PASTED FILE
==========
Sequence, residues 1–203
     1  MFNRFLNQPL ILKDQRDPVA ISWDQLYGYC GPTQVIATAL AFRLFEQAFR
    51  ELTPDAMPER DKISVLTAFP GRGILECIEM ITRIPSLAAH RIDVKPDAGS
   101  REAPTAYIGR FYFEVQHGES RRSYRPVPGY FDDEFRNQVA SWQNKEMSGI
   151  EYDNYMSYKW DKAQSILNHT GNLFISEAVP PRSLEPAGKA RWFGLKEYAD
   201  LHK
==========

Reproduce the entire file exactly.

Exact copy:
Sequence, residues 1–203
     1  MFNRFLNQPL ILKDQRDPVA ISWDQLYGYC GPTQVIATAL AFRLFEQAFR
    51  ELTPDAMPER DKISVLTAFP GRGILECIEM ITRIPSLAAH RIDVKPDAGS
   101  REAPTAYIGR FYFEVQHGES RRSYRPVPGY FDDEFRNQVA SWQNKEMSGI
   151  EYDNYMSYKW DKAQSILNHT GNLFISEAVP PRSLEPAGKA RWFGLKEYAD
   201  LHK